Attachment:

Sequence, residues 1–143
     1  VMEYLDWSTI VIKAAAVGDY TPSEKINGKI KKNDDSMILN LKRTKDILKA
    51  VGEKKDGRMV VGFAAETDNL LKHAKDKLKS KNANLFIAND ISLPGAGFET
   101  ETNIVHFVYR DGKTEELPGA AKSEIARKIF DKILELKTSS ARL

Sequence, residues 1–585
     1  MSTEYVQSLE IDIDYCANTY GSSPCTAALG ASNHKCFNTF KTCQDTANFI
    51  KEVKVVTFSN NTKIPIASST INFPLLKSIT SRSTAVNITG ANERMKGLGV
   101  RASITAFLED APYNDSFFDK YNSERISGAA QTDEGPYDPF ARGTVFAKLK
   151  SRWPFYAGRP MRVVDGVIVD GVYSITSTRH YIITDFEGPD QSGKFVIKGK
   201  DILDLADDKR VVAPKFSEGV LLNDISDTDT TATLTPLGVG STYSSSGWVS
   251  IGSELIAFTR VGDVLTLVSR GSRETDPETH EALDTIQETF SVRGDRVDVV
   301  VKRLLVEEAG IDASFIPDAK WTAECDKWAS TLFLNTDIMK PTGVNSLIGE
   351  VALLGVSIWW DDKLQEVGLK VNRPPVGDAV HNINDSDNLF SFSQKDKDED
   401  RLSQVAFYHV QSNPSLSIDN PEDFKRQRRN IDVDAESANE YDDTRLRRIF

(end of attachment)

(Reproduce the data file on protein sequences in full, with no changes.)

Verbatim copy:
Sequence, residues 1–143
     1  VMEYLDWSTI VIKAAAVGDY TPSEKINGKI KKNDDSMILN LKRTKDILKA
    51  VGEKKDGRMV VGFAAETDNL LKHAKDKLKS KNANLFIAND ISLPGAGFET
   101  ETNIVHFVYR DGKTEELPGA AKSEIARKIF DKILELKTSS ARL

Sequence, residues 1–585
     1  MSTEYVQSLE IDIDYCANTY GSSPCTAALG ASNHKCFNTF KTCQDTANFI
    51  KEVKVVTFSN NTKIPIASST INFPLLKSIT SRSTAVNITG ANERMKGLGV
   101  RASITAFLED APYNDSFFDK YNSERISGAA QTDEGPYDPF ARGTVFAKLK
   151  SRWPFYAGRP MRVVDGVIVD GVYSITSTRH YIITDFEGPD QSGKFVIKGK
   201  DILDLADDKR VVAPKFSEGV LLNDISDTDT TATLTPLGVG STYSSSGWVS
   251  IGSELIAFTR VGDVLTLVSR GSRETDPETH EALDTIQETF SVRGDRVDVV
   301  VKRLLVEEAG IDASFIPDAK WTAECDKWAS TLFLNTDIMK PTGVNSLIGE
   351  VALLGVSIWW DDKLQEVGLK VNRPPVGDAV HNINDSDNLF SFSQKDKDED
   401  RLSQVAFYHV QSNPSLSIDN PEDFKRQRRN IDVDAESANE YDDTRLRRIF